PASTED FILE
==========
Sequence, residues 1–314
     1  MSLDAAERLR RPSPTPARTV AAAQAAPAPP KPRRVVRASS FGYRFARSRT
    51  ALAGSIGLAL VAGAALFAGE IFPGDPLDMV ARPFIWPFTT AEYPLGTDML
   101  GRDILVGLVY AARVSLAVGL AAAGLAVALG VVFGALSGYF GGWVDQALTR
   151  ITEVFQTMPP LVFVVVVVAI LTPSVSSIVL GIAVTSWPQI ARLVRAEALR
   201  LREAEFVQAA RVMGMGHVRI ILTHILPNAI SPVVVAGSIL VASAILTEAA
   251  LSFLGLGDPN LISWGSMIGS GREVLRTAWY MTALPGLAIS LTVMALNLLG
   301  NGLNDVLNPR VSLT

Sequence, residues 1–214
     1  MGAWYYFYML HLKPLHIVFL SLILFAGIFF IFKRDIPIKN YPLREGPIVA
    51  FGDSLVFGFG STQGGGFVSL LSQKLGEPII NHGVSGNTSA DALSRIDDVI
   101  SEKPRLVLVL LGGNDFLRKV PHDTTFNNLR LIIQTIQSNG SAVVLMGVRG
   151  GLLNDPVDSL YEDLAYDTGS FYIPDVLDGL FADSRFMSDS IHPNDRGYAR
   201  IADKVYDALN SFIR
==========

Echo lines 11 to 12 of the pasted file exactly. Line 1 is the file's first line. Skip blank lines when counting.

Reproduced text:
    51  FGDSLVFGFG STQGGGFVSL LSQKLGEPII NHGVSGNTSA DALSRIDDVI
   101  SEKPRLVLVL LGGNDFLRKV PHDTTFNNLR LIIQTIQSNG SAVVLMGVRG